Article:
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    another way to look at it is that if the program didn't exist you'd pay the core charge as part of the part charge, so you're not losing money, you're saving it cause what you had was probably remanufactured from someone else's core.

  8. #8
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    Quote Originally Posted by nunyadam View Post
    another way to look at it is like the deposit on a keg of beer.
    Right, except you can return the keg for your deposit and never have to buy another keg again.
    I reserve the right to contradict myself. . .

  9. #9
    Anime Otaku RobRich's Avatar
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    Why do you assume you need to buy the same exact part in the future? You seem to be alluding to some type of consumer lock in process that does not exist.

    Let's break the process down to its basics. For example, let's say you have a part that fails. You go to a store to get a replacement part. The store charges you for the part plus a core charge. You go home, remove the defective part, and install the new part. You then take the defective part back to the store to receive a refund on the core charge for turning in a core. You just completed the core charge process.

    If you do not have a defective part to return, then you pay the core charge to offset the lost revenue from the supplier not being able to refurbish and sell a defective part. In such a scenario, you simply need to figure the core cost into the purchase price since you have no part to exchange.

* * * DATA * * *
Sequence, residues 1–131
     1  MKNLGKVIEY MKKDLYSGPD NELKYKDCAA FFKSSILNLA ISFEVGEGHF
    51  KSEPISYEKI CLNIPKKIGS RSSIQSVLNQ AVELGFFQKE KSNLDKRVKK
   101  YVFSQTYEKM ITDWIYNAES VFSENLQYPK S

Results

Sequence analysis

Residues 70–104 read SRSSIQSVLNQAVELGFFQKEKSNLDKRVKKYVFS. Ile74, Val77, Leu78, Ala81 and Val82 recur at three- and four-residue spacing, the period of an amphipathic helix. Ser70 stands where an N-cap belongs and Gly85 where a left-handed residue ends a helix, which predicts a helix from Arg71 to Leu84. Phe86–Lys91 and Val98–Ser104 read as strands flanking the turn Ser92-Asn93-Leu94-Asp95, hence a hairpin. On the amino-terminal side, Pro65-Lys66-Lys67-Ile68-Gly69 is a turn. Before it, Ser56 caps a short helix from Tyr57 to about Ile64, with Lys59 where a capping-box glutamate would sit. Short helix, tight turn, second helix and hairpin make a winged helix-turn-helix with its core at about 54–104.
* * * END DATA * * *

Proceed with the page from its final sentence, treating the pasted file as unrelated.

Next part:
Core charges are not about buying a part, it failing in the future, then you returning it to collect the core charge. It more about being a parts exchange process than being like a soda can deposit.
    Robert Richmond | Infinite perceptions. One reality.
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  10. #10
    zen
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    Ultimate Member zen's Avatar
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    Its so they can rebuild the part with cheap, crappy internals and sell it back to you again, and again. Rebuilt parts generally suck and fail at alarming rates.

  11. #11
    Ultimate Member Toadman's Avatar